Less than a year since 'Too Twitchy' was released, Paul and the band are back with an album of songs that have something to say about the past, present, and future. You can always guarantee that Paul will come up with some rather interesting subjects to sing about, and this album begins with people telling us what we should want in life, and how having more will make us happy.
'Anything' even includes a dig at TV Quiz shows and telephone sales people to get the point across. There's an R'n'B shuffle sound to 'Bad Things People Do', and I smiled as Paul sang about getting used to the fact that people do bad things, but we should learn to forgive them rather than get mad ourselves.
Marriage break up's are commonplace in today's society, but 'Don't Break Up' is a message of hope, to couples who may be going through a bad time in their relationship. Musically, the band are as tight as ever with Ross Lander, Aron Bicskey, Nic Burrows and Chris Smith adding to Paul's vocals and guitar playing. 'Here in Heaven' got me thinking 'Pink Floyd' in a 'Dark Side of the Moon' way. The sound really differs from the rest of the album. All songs, but one, have been written by Paul. The exception is a very good 60's beat version of Larry Norman's 'Reader's Digest'. Paul has the knack of writing songs that tell a story, and those stories are all food for thought.
9/10 Never For Nothing
I have to confess to have been looking forward to the release of this cd, this being the first that Paul has released with his current band and particularly the superb Joe Blanks on drums. Paul's desire is that this album is a closer representation of their live sound and, having heard them live earlier this year, I think he has managed to achieve that.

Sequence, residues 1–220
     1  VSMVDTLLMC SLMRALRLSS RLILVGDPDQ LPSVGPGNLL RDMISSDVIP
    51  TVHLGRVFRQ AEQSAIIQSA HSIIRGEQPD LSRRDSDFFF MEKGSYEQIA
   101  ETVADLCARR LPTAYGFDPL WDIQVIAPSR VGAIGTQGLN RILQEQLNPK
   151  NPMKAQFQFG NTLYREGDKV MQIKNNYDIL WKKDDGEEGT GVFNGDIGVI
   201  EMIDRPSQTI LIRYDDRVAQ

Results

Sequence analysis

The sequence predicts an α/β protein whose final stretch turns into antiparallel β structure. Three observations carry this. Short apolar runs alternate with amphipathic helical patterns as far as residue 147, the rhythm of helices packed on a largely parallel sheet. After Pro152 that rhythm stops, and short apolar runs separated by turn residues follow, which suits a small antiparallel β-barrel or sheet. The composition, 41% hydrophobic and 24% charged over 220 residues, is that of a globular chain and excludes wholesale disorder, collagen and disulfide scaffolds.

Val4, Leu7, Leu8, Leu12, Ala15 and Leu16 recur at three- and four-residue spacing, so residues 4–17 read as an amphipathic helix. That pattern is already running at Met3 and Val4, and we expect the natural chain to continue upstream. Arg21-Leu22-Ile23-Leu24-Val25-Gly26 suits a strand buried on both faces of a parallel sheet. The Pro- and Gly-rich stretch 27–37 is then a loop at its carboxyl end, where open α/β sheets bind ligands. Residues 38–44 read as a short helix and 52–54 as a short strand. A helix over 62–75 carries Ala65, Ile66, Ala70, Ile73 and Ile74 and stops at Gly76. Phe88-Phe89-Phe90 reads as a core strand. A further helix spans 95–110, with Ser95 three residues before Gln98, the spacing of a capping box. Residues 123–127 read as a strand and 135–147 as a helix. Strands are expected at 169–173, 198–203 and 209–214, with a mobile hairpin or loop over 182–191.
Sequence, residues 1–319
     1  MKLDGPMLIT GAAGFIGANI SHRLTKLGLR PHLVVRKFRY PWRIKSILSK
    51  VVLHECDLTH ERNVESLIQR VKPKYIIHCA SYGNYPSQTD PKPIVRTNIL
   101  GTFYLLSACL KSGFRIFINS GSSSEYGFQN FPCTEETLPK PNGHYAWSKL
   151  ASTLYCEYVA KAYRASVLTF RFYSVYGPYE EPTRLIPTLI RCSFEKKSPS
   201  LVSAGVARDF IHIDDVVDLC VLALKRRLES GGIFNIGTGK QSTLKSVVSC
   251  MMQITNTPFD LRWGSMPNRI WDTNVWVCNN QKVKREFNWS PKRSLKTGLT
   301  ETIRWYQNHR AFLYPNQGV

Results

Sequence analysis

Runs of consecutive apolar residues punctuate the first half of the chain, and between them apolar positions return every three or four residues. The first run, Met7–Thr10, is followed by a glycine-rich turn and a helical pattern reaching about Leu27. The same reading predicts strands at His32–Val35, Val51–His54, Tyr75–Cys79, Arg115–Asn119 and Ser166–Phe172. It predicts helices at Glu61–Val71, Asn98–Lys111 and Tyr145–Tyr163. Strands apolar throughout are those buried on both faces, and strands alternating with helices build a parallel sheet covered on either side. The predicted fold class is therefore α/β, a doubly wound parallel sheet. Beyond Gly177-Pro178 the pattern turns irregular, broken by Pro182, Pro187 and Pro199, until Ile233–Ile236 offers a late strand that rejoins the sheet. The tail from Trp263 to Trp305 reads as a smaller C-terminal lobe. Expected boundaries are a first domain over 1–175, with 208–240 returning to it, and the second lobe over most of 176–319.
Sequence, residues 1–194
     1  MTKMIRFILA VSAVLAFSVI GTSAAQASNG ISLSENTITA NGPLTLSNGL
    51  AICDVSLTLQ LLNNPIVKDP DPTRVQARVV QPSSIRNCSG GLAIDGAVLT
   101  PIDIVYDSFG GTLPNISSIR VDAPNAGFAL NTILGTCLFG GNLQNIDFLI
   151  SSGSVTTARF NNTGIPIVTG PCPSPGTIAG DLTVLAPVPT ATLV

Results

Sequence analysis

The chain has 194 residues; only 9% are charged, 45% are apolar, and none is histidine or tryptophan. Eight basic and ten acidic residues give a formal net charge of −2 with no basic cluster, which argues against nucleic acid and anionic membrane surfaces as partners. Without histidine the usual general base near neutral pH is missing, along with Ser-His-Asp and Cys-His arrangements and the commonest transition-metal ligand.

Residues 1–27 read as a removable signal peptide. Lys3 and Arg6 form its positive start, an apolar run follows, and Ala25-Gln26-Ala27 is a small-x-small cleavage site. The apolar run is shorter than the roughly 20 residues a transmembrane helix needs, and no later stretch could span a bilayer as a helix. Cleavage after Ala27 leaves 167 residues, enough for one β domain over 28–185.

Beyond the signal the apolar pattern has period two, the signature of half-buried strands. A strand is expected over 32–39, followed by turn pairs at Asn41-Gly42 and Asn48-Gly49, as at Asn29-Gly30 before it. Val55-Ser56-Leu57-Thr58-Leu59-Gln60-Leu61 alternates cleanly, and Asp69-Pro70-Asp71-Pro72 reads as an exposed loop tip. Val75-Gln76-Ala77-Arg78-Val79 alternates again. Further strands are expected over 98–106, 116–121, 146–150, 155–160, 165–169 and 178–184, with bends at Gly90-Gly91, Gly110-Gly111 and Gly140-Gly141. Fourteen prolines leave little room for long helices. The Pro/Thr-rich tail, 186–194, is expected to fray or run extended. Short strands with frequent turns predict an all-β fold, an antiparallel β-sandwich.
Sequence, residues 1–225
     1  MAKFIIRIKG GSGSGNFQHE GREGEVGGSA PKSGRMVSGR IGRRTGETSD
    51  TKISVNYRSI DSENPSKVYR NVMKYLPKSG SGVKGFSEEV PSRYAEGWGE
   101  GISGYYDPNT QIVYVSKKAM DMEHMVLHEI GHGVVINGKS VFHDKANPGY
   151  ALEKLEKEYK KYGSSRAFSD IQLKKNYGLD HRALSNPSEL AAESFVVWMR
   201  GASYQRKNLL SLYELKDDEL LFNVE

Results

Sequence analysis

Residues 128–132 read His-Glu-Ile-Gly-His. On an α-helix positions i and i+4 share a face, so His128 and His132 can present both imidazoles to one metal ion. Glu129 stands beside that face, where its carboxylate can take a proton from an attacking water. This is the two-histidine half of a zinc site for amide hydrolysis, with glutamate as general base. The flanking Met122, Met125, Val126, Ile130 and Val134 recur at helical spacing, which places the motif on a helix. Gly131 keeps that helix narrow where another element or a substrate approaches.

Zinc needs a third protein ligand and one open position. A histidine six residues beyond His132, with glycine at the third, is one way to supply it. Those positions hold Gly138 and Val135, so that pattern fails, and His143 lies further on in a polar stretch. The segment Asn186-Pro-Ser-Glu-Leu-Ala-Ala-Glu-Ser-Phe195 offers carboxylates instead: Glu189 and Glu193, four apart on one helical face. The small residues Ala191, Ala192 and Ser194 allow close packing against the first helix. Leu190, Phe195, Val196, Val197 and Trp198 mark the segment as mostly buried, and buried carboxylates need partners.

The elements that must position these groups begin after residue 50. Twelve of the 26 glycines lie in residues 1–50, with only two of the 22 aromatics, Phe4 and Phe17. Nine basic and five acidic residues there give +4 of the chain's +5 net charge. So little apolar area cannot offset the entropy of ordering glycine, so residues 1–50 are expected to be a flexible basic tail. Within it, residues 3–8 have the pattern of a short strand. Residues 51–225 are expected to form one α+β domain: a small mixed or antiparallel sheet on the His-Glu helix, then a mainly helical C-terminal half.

It has more energy than 2005's "Affected" and coupled with a batch of great songs, it is an excellent album all round. Paul's unique and bold lyrical approach is finely represented on songs such as "Take the Rubbish Out" - the immortal line "my wife is busy looking in the Argos catalogue" makes me chuckle every time - and one has to admire his ability to attempt things lyrically that in the hands of the less experienced would just sound naff. The songs really groove well too, a nice mix of rock, blues and funk topped with Paul's inimitable vocal style.
Overall, I have a sense that Paul shows no sign of slowing down and continues to produce music of a quality that we have come to expect. In a market swamped by a lack of imagination and constant regurgitation, the Paul Poulton Project is a refreshing change.
9/10 Warren Harry
Words has had a couple of reviews on Phantom Tollbooth and in the Church of England Newspaper.
Here are a few quotes:
"Poulton displays a fascinating bunch of influences."
“Get in the Spirit” fully unleashes the funk, lifted by some sauntering synth and given extra soul by the backing vocals."
"Best of the lot could be “Get Back Temptation,” a confident performance of a defiant lyric with some tasty guitar licks and a couple of very short guitar solos – which is a shame, as they are full of feeling and could well have been longer."
The album has also been voted an “All-Time Favorite” by Midnight Special Blues Radio.